When you walk into the latter exhibition, you are confronted with a blank wall that runs across the whole parish church, leaving a view only of the top of the altar in the closed off area behind. A park bench sits in front of the wall, whose curb makes it recognizable as a fragment of a city, rather than just a blank plane. The curators of Estonia’s “Weak Monument”—Laura Linsi, Roland Reemaa, and Tadeáš Říha—then covered the portion of the nave you can enter with paving stones.

Aaron Betsky The Estonia Pavilion.

Their point is to make a monument that is not a monument, and to make you regard the city itself for its memories, as the Italian architect Aldo Rossi long ago suggested we do. But the result instead makes a space in front of the wall, one that the curators have liberated from the function for which it was built. It leaves you free to contemplate, to wonder about what the place is, and just to take a rest from the flow of humanity and the competing projects all around you.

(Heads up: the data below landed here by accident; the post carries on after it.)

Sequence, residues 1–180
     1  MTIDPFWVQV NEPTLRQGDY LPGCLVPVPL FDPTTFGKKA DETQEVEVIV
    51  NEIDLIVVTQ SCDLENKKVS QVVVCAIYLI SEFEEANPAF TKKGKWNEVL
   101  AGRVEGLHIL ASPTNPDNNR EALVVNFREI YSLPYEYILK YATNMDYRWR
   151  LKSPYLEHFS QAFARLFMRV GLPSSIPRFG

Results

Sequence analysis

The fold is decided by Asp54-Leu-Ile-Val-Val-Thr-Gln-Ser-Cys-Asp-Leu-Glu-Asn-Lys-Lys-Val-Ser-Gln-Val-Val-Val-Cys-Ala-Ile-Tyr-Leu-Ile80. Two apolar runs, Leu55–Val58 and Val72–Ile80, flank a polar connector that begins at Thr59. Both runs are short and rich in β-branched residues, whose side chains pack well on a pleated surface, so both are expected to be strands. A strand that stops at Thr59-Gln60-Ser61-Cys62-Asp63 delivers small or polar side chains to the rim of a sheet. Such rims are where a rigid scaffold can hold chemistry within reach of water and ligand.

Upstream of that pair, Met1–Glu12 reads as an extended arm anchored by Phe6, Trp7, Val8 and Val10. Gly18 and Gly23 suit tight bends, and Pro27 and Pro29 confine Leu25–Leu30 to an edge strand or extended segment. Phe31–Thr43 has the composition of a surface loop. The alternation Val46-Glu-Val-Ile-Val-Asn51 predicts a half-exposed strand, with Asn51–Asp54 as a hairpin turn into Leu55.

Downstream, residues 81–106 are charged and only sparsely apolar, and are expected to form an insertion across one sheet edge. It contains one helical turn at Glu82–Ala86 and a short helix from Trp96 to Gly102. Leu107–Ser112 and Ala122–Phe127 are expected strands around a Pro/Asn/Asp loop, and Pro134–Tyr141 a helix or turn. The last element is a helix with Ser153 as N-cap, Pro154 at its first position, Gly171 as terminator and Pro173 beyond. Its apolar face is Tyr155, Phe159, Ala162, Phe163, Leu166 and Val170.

Even more empty, but perhaps not as powerful because it makes such an extreme statement, is the British Pavilion. It justly won an Honorable Mention in the judging for the Biennale’s official awards, the Golden Lions. In a comment on Brexit, but again with a different effect, the curators—the team of architecture firm Caruso St. John and artist Marcus Taylor—left every single room in the Neoclassical building completely empty, though they made sure to have the walls painted (white, of course) and the floors cleaned. You wander through the galleries that are usually filled with drawings, models, and photographs, and instead take in the spaces themselves. The spaces have been freed, but offer a sense of temporal displacement, as this is what the rooms look like for the half the year when the pavilion, like all the other ones in the Giardini, sits completely empty.

Aaron Betsky The stark inside of the United Kingdom's Pavilion, runner up for Best National Participation.